bynnerFamily legend has it that Bynner arrived prematurely into the world in 1881 as his mother Annie raced down a flight of stairs to save a bird from a cat’s mouth. The resulting gentle youth became an ardent follower of Walt Whitman, to such an extent that rumors circulated that he was Whitman’s illegitimate son, a tale Bynner never hurried to quash. By his early twenties, Bynner was considered one of the bright hopes of American poetry, and despite his demotion by the Modernists, he devoted his entire life to verse until his death in 1968.

Bynner first established himself with two books of poetry: An Ode to Harvard and Other Poems (1907) and The New World (1915). Though both books contain commendable verses, one finds oneself agreeing with Richard Wilbur that there is too much lazy and obvious rhyming and “a fair amount of sincere and exclamatory gush.” In fact, Bynner achieves a kind of high kitsch with these poems that lards most of his “serious” work to come, insuring obsolescence. But with the Spectra poems (1916), Bynner reveals himself as one of American literature’s lost wits.

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Posted by: The Editors
Category: 13th Anniversary Issue, Books and Authors, Silvis | Link to this Entry

Harlow with a “t”

September 1st, 2003

buxomrecliningnude.jpgBY STEFFEN SILVIS

I am perhaps the last person to have discovered sex through Jean Harlow. Not the mechanics of coupling, mind you — I was raised on a farm, and so was wise to the routine at a tender age. No, what I gathered from Miss Harlow was an understanding of unbridled passion and an appreciation for sexual aids, courtesy of my poor mother.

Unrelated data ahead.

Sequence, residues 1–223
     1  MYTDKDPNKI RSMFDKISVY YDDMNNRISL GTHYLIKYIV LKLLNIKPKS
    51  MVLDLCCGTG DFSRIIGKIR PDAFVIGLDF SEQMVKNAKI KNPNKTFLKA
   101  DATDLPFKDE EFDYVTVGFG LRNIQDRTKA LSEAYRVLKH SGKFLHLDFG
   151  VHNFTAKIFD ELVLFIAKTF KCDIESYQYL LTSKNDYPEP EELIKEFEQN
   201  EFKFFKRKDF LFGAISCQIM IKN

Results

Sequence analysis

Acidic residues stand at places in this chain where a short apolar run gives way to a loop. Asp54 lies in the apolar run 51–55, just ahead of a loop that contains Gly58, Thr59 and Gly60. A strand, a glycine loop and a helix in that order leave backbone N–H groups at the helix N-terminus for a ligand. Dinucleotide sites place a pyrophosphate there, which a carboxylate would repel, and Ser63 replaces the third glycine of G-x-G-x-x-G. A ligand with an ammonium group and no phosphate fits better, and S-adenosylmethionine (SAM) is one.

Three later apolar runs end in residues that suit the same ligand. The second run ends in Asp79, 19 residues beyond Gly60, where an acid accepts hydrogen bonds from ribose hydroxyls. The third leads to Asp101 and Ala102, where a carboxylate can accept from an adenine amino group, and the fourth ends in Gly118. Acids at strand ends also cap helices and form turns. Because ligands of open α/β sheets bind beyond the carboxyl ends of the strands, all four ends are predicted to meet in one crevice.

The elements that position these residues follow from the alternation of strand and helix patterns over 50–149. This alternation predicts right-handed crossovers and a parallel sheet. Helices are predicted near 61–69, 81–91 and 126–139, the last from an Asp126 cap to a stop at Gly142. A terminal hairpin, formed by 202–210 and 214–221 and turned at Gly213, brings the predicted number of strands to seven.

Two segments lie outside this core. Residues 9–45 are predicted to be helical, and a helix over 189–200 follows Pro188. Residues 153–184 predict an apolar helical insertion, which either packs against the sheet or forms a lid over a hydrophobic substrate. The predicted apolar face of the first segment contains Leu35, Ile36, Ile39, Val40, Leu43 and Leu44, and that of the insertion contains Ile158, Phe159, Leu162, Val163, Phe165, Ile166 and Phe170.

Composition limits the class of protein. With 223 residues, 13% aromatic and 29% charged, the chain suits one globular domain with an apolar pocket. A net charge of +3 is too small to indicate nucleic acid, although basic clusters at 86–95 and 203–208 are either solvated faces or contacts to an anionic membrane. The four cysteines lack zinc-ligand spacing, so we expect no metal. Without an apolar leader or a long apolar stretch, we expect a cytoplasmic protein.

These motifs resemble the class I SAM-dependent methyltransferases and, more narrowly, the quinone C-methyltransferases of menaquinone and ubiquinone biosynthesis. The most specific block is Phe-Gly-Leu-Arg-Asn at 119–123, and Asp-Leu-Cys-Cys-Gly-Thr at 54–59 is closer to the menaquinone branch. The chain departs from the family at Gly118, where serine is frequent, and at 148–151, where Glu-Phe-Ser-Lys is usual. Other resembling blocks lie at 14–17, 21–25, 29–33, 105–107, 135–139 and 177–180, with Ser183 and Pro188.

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Posted by: The Editors
Category: All Movie Issue, Silvis | Link to this Entry

Pagan primer

June 1st, 2003

BY STEFFEN SILVIS

Her hair needed pulling. She wore poor clothes that we could mock, and had “germs with no returns.” She sat silently while we stood and pledged our allegiance to the flag each morning: there was something about her religion, we were told. She never wore a Hallowe’en costume, was excused from carol practice, and mythologynever received a Valentine. She seemed to spend most of the year alone in the library, a fitting banishment from our revels, we thought. Books were boring and so was she.

Unfortunately, she rode my bus, and it often happened that the last available place was next to her. One morning, to the catcalls of classmates, I was forced to share her seat. She sat poring over a colorful book, and as she turned a page my attention was immediately drawn to an illustration. There was a great hole in the earth, and a dark man in a chariot pulled by four black horses was descending into the underworld. In one hand he held the reins to the steeds, while in the other he grasped, as captive, a frightened young woman. “Do you know about the Greek Gods?” I heard the voice next to me say. I looked up at her and admitted that I didn’t. “Here,” she said, handing me the book. “These are my favorite stories.”

Read the rest of this entry »

Posted by: The Editors
Category: All Book Issue, Books and Authors, Silvis | Link to this Entry

Author profile

December 1st, 2002

Steffen Silvis, a drama critic and prize-winning playwright, lives in Los Angeles.

Posted by: The Editors
Category: Silvis | Link to this Entry